• Our Mother of Good Counsel, private elementary, 4622 Ambrose Avenue

In 1998 Laura Meyers of the Los Angeles Times stated that residents of the Laughlin Park section of Los Feliz "tend not to send their kids to the local public schools" and instead "often" select the Lycée International de Los Angeles, the area French School, or The Oaks School.[8]

The Immaculate Heart school is in proximity to the community.[10]

Los Feliz Village[edit]

Los Feliz Village is the southern section of Los Feliz, home to most of the commercial storefronts in the district. It is centered around the thoroughfares of Vermont and Hillhurst and spans from about Prospect avenue north to a few blocks south of Los feliz Blvd. There are several coffee shops, restaurants, and small clothing and vintage stores. It is also the part of the neighborhood that has more affordable housing, with blocks of less expensive apartments and single family homes than found closer to Los Feliz Blvd.

Los Feliz Village Business Improvement District helps promote local businesses and has an annual street fair.

On February 2014, a local shop called Dumb Starbucks Coffee opened in Los Feliz Village. It has gained notoriety as a parody on Starbucks.[11]

Nightlife[edit]

The Brown Derby ca. 1945

Los Feliz village is home or in proximity to numerous bars and restaurants catering to nightlife. They are mostly located on Hillhurst between Los Feliz Boulevard and Prospect Avenue, and on Vermont between Franklin Avenue and Hollywood Boulevard. Some were classic dives in their hey-day, frequented by the likes of Charles Bukowski, Lawrence Tierney, sundry working class drunks, poets, artists, writers and other creative types.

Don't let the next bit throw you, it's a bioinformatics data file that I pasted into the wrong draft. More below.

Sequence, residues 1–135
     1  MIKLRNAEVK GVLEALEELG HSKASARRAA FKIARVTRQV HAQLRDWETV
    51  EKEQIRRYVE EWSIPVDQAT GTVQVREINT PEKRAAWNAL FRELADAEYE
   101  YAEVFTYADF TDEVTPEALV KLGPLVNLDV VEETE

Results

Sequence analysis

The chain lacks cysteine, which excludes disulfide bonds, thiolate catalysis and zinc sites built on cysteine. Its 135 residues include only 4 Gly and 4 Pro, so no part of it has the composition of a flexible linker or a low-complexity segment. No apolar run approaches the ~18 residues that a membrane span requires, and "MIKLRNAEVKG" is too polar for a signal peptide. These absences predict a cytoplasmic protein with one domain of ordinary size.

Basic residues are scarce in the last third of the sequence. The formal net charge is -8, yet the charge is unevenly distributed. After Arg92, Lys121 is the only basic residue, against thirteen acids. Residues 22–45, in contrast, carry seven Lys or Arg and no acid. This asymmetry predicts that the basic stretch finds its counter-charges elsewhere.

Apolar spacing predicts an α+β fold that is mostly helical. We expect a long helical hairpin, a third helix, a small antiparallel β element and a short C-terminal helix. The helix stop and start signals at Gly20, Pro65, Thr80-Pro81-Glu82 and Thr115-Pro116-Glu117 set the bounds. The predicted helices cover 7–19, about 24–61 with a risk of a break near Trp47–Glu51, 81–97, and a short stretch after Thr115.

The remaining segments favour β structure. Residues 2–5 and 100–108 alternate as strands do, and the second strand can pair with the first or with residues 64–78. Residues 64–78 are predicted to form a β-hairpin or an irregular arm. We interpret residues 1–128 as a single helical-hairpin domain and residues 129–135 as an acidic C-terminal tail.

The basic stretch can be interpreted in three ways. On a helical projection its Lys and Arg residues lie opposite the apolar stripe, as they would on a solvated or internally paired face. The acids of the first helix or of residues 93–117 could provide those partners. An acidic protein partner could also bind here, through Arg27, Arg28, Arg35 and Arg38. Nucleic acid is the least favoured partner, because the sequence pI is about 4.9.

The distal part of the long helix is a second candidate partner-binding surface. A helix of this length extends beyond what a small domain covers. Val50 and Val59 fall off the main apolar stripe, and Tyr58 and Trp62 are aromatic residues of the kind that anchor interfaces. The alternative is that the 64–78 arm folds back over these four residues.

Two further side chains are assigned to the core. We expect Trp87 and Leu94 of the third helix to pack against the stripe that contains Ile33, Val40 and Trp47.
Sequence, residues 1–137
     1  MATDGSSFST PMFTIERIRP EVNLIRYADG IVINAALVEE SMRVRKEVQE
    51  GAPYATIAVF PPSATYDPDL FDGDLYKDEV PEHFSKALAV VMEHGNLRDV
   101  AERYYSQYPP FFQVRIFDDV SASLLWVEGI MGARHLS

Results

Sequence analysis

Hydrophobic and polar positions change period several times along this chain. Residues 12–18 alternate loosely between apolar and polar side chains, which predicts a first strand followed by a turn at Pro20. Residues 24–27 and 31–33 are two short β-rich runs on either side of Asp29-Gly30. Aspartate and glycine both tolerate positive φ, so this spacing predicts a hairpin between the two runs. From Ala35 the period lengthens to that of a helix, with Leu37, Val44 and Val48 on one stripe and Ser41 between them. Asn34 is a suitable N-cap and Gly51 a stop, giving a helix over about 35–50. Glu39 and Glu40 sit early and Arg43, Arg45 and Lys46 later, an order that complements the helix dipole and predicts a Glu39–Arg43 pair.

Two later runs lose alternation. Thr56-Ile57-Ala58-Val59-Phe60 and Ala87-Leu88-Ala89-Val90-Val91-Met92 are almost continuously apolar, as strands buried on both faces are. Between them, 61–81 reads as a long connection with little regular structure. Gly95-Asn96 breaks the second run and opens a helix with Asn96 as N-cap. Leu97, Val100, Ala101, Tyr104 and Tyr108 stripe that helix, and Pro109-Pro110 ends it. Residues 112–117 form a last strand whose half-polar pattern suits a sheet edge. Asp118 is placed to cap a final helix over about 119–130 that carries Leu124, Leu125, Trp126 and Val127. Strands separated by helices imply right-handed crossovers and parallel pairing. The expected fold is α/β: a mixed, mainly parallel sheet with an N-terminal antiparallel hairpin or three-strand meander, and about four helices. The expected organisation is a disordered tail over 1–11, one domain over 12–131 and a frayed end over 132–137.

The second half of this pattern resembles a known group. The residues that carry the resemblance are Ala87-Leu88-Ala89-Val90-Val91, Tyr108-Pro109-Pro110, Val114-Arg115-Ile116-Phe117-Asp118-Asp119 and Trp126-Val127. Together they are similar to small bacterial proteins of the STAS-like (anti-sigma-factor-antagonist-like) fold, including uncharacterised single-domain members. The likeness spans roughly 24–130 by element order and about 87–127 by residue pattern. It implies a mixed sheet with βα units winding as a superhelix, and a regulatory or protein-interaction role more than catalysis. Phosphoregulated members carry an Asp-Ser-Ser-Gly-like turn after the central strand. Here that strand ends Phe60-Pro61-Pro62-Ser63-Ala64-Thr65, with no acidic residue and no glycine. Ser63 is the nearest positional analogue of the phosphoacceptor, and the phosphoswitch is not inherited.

The Derby, at Hillhurst and Los Feliz, the last remaining location of the historic Brown Derby chain, was featured in the movie Swingers. It closed in 2009.

The Dresden Room on Vermont, also featured in the film Swingers, has live entertainment by Marty and Elayne. (Marty and Elayne make brief, performing appearances in both Swingers and the fourth-season Mr. Show episode "Rudy Will Await Your Foundation".)

Disneyland recreation[edit]

Buena Vista Street, the new entrance to the California Adventure theme park at the Disneyland Resort, is partly modeled after Los Feliz during the 1920s, when Walt Disney first arrived and set up shop in Los Angeles, initially in the garage of his aunt and uncle's Los Feliz house.[12] The area had special importance to Disney since his original animation studios were located here, before moving to the present location in Burbank. The Disney Buena Vista Street even includes a retail location called Los Feliz Five and Dime.[12]

See also[edit]

Notes[edit]

  1. ^ Local Spanish feliz is pronounced [feˈlis] or [feˈliθ]. While an approximation of this is often used, more commonly an anglicized pronunciation, /ˈflɨz/, is used.
  2. ^ a b [1] "Central L.A.," Mapping L.A., Los Angeles Times
  3. ^ [2] "Northeast L.A.," Mapping L.A., Los Angeles Times
  4. ^ a b c d e f g [3] "Los Feliz," Mapping L.A., Los Angeles Times
  5. ^ The Thomas Guide: Los Angeles County, 2004, pages 593 and 594
  6. ^ [4] Higley1000.com
  7. ^ Reuters. Wildfire continues to burn in heart of Los Angeles. Both published and accessed May 9, 2007.
  8. ^ a b Meyers, Laura. "The High Five." Los Angeles Magazine. Emmis Communications, January 1998. Volume 43, Issue 1. ISSN 1522-9149. p. 58.
  9. ^ [5] "Los Feliz Schools," Mapping L.A., Los Angeles Times
  10. ^ "Los Feliz Laughlin Park." Los Angeles Magazine. Emmis Communications, January 1998. Volume 43, Issue 1. ISSN 1522-9149. p. 58.
  11. ^ http://www.hollywoodreporter.com/news/dumb-starbucks-shop-appears-las-678728
  12. ^ a b Live, Bryan (September 7, 2011). "What to Expect on Buena Vista Street in 2012". disneylandlive.com. Retrieved November 11, 2011. 

External links[edit]

Coordinates: 34°06′45″N 118°17′06″W / 34.1124°N 118.2851°W / 34.1124; -118.2851